For a portion of 2017, the South Korean won had been Asia’s best performing currency. Over the past month, it has, however, deviated from what has been a stable path for Asian currencies generally.
Between July 27th and Friday’s close, the Japanese yen, Chinese yuan and Thai baht rose against the dollar by 1.8%, 1.2% and 0.5% respectively, and most other Asian currencies remained little changed, but the Korean won fell by 2.6% – a fall which places the won as Asia’s worst performer during this period.
As is well known, the won has suffered in recent weeks in light of the tense geopolitical situation involving North Korea, but signs were there in late July that the won would struggle to appreciate further when USD/KRW failed for the third time this year to breach the critical technical level of 1110. There are only so many times you can knock on the door before you have to turn around and walk away, and July’s failure at 1110 prompted a sharp two-week rally to 1148. On Friday, following a slight recovery in the won, the dollar was buying 1141.
And while entering the final week of July the won was still Asia’s best performer, it should be said that much of the won’s year-to-date gain at that time had come in the first quarter (the won posted an 8.2% gain against USD in the three months ending March-31). Since late March, the won has broadly traded sideways or weakened, although it does retain a respectable year-to-date gain of 5.8%.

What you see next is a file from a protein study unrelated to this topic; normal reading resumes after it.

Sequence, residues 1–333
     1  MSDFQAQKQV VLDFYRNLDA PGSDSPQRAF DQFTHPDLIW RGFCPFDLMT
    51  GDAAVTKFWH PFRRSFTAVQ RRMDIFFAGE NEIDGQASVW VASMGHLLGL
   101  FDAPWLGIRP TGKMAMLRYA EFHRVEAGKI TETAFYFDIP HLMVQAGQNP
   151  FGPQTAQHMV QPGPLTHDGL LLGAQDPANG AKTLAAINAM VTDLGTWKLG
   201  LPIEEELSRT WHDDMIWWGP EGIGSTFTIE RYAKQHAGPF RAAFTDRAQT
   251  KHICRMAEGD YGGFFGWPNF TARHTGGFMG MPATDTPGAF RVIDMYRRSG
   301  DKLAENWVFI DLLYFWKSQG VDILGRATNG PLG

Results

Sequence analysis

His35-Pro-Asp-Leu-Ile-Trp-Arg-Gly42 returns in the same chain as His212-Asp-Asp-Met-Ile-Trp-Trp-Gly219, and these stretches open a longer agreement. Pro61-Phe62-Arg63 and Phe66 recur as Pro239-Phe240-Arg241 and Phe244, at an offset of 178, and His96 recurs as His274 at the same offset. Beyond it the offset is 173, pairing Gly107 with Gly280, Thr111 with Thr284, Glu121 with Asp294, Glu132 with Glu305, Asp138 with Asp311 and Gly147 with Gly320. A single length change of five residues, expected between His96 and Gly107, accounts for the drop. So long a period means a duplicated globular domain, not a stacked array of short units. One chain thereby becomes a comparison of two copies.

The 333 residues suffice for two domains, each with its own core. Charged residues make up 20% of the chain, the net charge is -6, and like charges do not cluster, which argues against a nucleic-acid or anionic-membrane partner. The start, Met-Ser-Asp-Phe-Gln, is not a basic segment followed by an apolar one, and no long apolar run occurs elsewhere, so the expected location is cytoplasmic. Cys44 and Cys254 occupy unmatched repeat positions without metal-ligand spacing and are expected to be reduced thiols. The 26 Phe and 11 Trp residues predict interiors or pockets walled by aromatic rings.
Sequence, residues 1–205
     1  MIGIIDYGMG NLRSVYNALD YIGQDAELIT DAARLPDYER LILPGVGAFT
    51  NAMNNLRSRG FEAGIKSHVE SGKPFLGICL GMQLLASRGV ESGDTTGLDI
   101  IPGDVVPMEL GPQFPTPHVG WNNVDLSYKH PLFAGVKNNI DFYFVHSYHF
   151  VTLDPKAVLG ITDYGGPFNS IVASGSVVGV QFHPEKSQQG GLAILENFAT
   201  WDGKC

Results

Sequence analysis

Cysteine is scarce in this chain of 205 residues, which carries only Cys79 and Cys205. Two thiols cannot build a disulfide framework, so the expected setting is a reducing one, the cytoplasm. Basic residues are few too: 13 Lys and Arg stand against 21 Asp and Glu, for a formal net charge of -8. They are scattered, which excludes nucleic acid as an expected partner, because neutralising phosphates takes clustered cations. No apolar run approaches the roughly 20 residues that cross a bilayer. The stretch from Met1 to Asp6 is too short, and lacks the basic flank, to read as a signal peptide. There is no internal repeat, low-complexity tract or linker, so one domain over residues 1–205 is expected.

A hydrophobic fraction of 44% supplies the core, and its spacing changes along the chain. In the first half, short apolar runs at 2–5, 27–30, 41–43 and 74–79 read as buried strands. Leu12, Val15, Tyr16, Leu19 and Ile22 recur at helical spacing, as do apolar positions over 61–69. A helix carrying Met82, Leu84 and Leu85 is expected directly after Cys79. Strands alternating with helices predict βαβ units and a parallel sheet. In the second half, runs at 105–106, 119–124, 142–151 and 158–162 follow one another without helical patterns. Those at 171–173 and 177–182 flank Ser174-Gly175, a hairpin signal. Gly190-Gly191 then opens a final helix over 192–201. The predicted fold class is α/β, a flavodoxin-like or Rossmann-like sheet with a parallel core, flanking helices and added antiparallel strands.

Nomura: Won to Remain Heavy Regardless of North Korea
In the rather ugly case of a military conflict between South Korea (or the US) and North Korea, the won would plunge more than 10% according to analysts at Japanese banking giant Nomura.
Alternatively, to keep things as they are, under a cloud of constant tension but without military engagement, would likely slow South Korean GDP growth to something like 2.3% next year, from expected levels around 2.7% this year, and hit the tourism and construction sectors hard. Nomura cited the near-70% fall in Chinese tourists in South Korea in August this year compared with August 2016 and referenced the existing struggle by construction firms in light of government measures to restrain the housing market. The won would remain heavy under these conditions.
Even in Nomura’s best-case scenario, which they believe to be an end to military threats and the introduction of meaningful negotiations between the involved parties, South Korea’s currency won’t rally much higher than it is now. In this scenario, according to Nomura the won would trade at 1140 against the dollar by the end of 2018, at virtually the same level it is now.
“[In a best-case scenario] we believe foreign-exchange and fiscal policy will be the same as they are now, because South Korean policymakers will wait and see how the actual negotiations conclude – which would take a long time,” a Nomura analyst said.
For those travelling to South Korea and in need of local currency or sending KRW payments, you’ll save big on exchange rates by using our online comparison calculators for KRW travel cash and KRW foreign currency transfers.
Additionally, if your business is negatively impacted by movements in KRW exchange rates, consider reading BestExchangeRates’ guides to managing FX risk.
Compare FX Providers and Banks for: